One by one the children silently came over to me. I was expected to extract their teeth according to the treatment plan I had been given. My head was spinning. I didn’t know whether to carry out the dreadful treatment or to send them away. I did what I was expected to do, but I vowed from that day forward that by whatever means I could, I would help children everywhere enjoy healthy teeth and avoid cavities, fillings, and unnecessary extractions.
I began the next part of my career taking a closer look at the dental health of the children in my local community. I found an epidemic of tooth decay: babies with cavities and preschoolers with abscesses, lost teeth, and pain. I started a preventive dental program to teach pregnant women and young mothers how to look after their teeth and the teeth of their infants and toddlers. Because I was alone in the project, I divided the children into groups, sending older children with large cavities to family dentists who were happy to fill them with big and lucrative fillings. I used temporary fillings for baby teeth that were soon going to fall out, and I worked hard on behalf of the younger children, teaching their parents ways to prevent cavities.
I used permanent fillings in newer baby teeth instead of extracting them. Baby teeth are important because they hold a space for the permanent successor that grows between the roots, underneath in the jaw. Without baby teeth as placeholders, adult teeth can move around in the jaw, finally erupting out of line. Without a baby tooth, six-year molars can move forward and crowd out teeth that erupt in front of them a little later, during early teen years. Overcrowded teeth are difficult to clean and create traps for bacteria and plaque.
Baby teeth are also important as indicators and potential carriers of dental infection to newly erupting adult teeth. Children with cavities in their baby teeth are found to be at much greater risk for cavities in their permanent adult teeth. My experiences in Switzerland had taught me that ending meals with a tooth-protective food could make a huge difference to dental health and also how important nighttime oral care is for children and adults.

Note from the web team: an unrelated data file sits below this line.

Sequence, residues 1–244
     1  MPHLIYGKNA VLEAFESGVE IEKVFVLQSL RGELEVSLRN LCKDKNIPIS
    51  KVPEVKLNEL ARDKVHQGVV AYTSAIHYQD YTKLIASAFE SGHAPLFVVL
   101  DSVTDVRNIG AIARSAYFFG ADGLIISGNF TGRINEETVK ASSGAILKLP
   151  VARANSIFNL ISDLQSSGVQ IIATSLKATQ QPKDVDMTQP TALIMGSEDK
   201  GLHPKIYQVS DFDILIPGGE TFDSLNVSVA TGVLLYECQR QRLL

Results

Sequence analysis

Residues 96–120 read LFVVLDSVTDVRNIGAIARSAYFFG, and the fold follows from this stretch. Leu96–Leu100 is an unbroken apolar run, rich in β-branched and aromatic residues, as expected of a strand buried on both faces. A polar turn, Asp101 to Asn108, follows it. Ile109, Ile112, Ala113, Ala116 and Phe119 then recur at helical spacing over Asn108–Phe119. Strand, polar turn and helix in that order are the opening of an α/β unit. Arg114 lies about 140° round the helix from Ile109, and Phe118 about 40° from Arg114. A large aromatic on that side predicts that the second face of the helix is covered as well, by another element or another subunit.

My new patients were happy to take the steps I suggested, and we quickly saw dramatic improvements. It was an exciting time for me as I realized how eager people were to avoid dental treatments and how interested they were in a new kind of treatment I called preventive dentistry.
Before long I was visited by a government representative who was upset about the reduced number of extractions at the clinic. Someone had noticed that temporary fillings were being put in teeth, and a staff member had complained that I was just talking with people. I had arrived at a career crossroads, and it was obviously time to leave the school clinic.
The next part of my dental career began when I opened my own practice just a few doors away from the government clinic. Parents arrived in large numbers, and although normal treatments allowed under the government system were without charge, my patients were willing to pay a small fee to bring their children for this preventive program. I was different from most dentists in town; dental visits were no longer a cause of fear or terror for the children. I was a teacher and a coach. Furthermore, at that time a female dentist in a pantsuit was something of a British novelty.
As the years passed, the volume of patients I treated outgrew my office space to the point where I could not fit another patient in the door. Every day we were busy from early until late. On Saturday mornings we helped nervous children become familiar with the dental office by having them watch movies in the waiting room and play with the dental chair. Parents came to learn about taking care of their children’s teeth, and the positive results soon became obvious to them.
The children were not developing cavities because they were following the simple procedures and preventive routines I prescribed. Mothers came in to take advantage of the new dentistry for themselves, followed by their sisters, mothers, husbands, fathers, aunts, cousins, and more. Whole families were learning and using my routines and techniques to prevent cavities and enjoy healthy teeth.
My office grew, and I saw more and more people with special needs who required sophisticated dentistry to save their damaged teeth. London was home to the Eastman Academy of Dentistry, and I took classes there to learn about treatments to care for the developmentally disabled.